The Man Without A Past (2002)

First published by Daily Info


A man comes by nighttrain to Helsinki. As he sleeps on a park bench, three hoodlums beat him repeatedly about the head with a baseball bat and steal his suitcase. After being pronounced dead at the hospital, the man recovers, but has completely lost all memory of who he was.

In The Man Without A Past, Aki Kaurismäki takes this opening premise, familiar from countless amnesiac thrillers (except perhaps the bit about Helsinki), and weaves from it a black comedy of social exclusion and personal redemption. For M (played by Harry Dean Stanton lookalike Markku Peltola) is quickly confronted with a bureaucratic edifice designed to marginalise those who have neither finances nor official identity. Yet M finds acceptance with Salvation Army worker Irma (played by Kaurismäki regular Kati Outinen), entrepreneurial security guard Anttila (Sakari Kuosmanen), his dog Hannibal, and a whole underclass of the dispossessed.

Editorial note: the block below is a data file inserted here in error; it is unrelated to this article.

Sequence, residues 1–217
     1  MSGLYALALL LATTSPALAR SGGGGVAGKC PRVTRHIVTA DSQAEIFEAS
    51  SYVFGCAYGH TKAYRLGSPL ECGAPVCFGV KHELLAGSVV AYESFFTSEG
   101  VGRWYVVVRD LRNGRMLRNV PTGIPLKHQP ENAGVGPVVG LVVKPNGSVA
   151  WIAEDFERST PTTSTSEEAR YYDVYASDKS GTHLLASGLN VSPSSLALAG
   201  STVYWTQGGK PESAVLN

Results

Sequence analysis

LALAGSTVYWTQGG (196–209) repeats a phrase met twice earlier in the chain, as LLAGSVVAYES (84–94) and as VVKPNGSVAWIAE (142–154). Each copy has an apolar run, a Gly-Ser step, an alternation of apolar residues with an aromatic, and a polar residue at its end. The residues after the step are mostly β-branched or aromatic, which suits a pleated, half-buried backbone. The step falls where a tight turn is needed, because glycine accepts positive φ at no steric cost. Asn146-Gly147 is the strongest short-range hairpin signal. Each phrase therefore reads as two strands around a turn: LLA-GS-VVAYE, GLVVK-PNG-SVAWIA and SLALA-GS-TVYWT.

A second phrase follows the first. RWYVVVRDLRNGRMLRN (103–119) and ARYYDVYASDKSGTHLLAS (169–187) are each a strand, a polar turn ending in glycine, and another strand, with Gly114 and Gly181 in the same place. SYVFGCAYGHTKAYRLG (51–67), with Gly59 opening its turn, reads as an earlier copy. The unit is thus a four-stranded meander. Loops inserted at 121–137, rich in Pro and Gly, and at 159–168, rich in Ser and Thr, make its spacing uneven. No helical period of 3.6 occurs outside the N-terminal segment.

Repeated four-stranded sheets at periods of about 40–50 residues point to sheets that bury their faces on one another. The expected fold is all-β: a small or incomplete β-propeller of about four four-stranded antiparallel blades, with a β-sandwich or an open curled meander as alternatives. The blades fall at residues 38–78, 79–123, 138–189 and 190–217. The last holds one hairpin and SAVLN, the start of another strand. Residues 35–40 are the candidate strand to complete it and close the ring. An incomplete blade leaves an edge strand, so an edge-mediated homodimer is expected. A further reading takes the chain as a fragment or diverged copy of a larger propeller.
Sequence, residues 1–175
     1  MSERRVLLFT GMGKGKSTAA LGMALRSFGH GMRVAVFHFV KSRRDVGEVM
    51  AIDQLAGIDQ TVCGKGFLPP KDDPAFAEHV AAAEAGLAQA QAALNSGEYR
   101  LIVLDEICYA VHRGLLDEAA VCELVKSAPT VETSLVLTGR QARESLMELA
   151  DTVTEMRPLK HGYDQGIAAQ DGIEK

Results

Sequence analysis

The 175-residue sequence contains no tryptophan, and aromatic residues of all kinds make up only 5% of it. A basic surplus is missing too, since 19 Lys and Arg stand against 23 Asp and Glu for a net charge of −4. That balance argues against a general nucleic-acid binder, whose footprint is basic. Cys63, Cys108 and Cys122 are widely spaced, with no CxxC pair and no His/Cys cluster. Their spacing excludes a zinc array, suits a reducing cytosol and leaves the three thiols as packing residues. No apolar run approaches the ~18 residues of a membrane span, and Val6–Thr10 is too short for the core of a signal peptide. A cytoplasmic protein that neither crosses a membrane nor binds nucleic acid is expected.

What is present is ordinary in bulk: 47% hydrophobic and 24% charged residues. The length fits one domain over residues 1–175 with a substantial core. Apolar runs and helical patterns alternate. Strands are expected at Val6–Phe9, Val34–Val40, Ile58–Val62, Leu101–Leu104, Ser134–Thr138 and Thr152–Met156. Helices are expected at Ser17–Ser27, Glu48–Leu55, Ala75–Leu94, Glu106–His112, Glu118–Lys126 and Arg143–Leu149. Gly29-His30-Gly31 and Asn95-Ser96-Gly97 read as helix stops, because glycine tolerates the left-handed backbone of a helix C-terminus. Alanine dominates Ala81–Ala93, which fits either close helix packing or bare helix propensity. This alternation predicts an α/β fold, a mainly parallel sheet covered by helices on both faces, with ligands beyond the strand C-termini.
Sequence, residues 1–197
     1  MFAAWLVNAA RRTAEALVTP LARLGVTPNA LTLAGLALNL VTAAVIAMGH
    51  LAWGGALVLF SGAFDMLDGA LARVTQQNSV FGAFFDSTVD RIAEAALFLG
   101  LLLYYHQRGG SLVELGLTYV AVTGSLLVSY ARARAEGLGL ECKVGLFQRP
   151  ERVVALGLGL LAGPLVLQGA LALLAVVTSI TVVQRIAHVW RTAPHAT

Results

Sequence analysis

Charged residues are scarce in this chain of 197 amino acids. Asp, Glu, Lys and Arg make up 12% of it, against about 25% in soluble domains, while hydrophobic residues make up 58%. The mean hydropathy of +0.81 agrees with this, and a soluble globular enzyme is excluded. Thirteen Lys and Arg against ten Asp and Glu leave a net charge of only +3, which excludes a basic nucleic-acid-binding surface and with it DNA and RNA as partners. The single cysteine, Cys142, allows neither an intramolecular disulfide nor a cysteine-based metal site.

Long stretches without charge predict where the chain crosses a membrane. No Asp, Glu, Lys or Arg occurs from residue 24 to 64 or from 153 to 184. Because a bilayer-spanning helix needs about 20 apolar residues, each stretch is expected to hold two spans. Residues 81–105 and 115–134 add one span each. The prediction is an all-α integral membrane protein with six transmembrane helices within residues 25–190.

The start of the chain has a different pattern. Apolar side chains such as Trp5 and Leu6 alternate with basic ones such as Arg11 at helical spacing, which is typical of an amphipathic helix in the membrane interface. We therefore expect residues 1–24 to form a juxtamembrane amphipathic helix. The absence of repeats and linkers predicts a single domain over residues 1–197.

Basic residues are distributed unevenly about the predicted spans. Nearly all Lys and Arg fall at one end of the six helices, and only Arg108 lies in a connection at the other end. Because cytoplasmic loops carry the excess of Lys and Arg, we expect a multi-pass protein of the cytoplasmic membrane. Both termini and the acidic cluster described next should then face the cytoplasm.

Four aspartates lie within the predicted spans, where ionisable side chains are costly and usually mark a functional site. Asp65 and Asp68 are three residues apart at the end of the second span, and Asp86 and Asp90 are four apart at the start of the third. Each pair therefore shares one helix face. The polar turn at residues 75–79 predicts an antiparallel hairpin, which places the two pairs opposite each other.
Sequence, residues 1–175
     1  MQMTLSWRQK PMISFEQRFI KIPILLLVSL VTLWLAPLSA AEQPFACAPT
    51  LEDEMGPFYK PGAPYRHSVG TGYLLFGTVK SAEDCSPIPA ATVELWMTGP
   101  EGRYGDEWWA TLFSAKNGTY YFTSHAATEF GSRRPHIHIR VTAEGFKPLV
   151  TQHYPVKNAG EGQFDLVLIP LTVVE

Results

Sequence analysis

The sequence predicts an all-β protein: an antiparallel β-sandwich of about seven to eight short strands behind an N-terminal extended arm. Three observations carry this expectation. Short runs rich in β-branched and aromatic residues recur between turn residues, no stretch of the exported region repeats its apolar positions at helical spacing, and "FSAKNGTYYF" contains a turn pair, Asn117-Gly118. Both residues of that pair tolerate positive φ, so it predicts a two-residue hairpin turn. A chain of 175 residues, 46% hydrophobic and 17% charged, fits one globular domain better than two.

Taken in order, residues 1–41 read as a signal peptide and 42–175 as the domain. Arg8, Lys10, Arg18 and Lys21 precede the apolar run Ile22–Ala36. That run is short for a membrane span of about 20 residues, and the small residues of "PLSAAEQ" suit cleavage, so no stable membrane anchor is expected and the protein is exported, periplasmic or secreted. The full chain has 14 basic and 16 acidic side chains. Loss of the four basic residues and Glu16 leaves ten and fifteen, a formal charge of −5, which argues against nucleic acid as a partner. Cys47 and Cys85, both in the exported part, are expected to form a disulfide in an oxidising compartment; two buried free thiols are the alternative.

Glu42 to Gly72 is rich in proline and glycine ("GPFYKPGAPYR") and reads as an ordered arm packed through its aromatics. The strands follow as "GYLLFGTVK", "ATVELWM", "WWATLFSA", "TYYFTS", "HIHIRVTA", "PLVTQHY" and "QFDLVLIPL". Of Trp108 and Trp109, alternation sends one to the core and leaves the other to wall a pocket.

M’s past, when it finally catches up with him, is almost an irrelevance, for Kaurismäki’s film is really concerned with the possibility of wiping the slate clean and replacing globalised, corporate living with the values of a utopian community of barter and free association. What we have here is a political allegory for our times, in which big business and the apparatus of capitalism are shown as dehumanising forces of evil. It is also, of course, very funny.

Fans of Kaurismäki will not be disappointed by the usual deadpan dialogue and understated performances, as the writer/director employs a rich technicolor palette, giving his world of lowlifes and down-and-outs the look of a film from the 1950s, via David Lynch – which only adds to the impression that the film is more postmodern fairytale than thriller.

Probably not the most memorable of amnesiac films, but a thoroughly entertaining piece of downbeat comedy, paved with sly sociopolitical insight.

Anton Bitel